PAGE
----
I also discovered names I’d never heard before: Ruth M. Goldsmith, who penned just two stories before moving on to other pastures, of which “Moonshine” was a touching, comedic wonder that we had to include; Hungarian-born Garen Drussaï, who wrote a few pieces for F&SF, then disappeared, but left us the sly vignette, Women’s Work, as part of her legacy; April Smith, about whom we know virtually nothing, save that her “Birthright” is one of the most poignant stories of the classic era.
There were other names, too. Some familiar, like Mari Wolf, whom I’d only known through her fan column in Imagination; Doris Pitkin Buck, who’d already appeared in the first volume of Rediscovery, but whose work was so good that we chose an earlier story of hers for the second; Carol Emshwiller: the writing half of the author/artist married duo. Others were completely new to me: Thelma D. Hamm, whose work always had a touch of horror; and Alice Eleanor Jones, whose “Miss Quattro” was anything but horrific. Miriam Allen DeFord, Leah Bodine Drake, Leigh Brackett, Ann Warren Griffith–all wrote compelling works we had to include, making this volume half again as long as our first one.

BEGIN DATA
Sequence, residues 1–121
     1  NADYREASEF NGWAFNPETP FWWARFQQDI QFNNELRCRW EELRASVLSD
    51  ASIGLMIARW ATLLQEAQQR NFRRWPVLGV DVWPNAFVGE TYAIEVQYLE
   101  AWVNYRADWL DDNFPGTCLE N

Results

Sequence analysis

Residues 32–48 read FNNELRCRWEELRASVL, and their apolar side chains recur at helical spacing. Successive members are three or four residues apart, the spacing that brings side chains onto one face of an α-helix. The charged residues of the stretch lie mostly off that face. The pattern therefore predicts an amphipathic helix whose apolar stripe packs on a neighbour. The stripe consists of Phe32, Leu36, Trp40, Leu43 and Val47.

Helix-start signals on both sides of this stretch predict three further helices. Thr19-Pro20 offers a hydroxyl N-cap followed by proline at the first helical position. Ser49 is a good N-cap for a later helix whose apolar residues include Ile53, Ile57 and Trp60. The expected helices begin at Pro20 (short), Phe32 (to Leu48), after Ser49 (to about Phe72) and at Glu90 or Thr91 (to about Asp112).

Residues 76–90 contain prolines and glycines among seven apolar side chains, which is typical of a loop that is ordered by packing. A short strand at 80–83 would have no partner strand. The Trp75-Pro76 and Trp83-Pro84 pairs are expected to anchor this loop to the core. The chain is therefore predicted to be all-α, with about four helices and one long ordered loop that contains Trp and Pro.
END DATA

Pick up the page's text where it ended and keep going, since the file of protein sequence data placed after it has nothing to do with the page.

That doesn’t even count all the others, women like Kitty Marcuse, Mildred Clingerman, and Shirley Jackson, who all wrote fine pieces, but for whom we simply didn’t have the room. Maybe if we cover the same period in a later volume…
And then, of course, there are all the wonderful current authors who offered up contextualizing afterwords for these tales, each worthy pieces in and of themselves.
Getting to meet, through their writings, all of these amazing authors, was my favorite bit in making Rediscovery: Science Fiction by Women, Volume 2 (1953-1957)…next to getting to share it with all of you, of course!
Gideon lives in San Diego with his writer/editor wife, their polymath artist daughter, a California King snake, and their keeper, a gray cat named Anthy.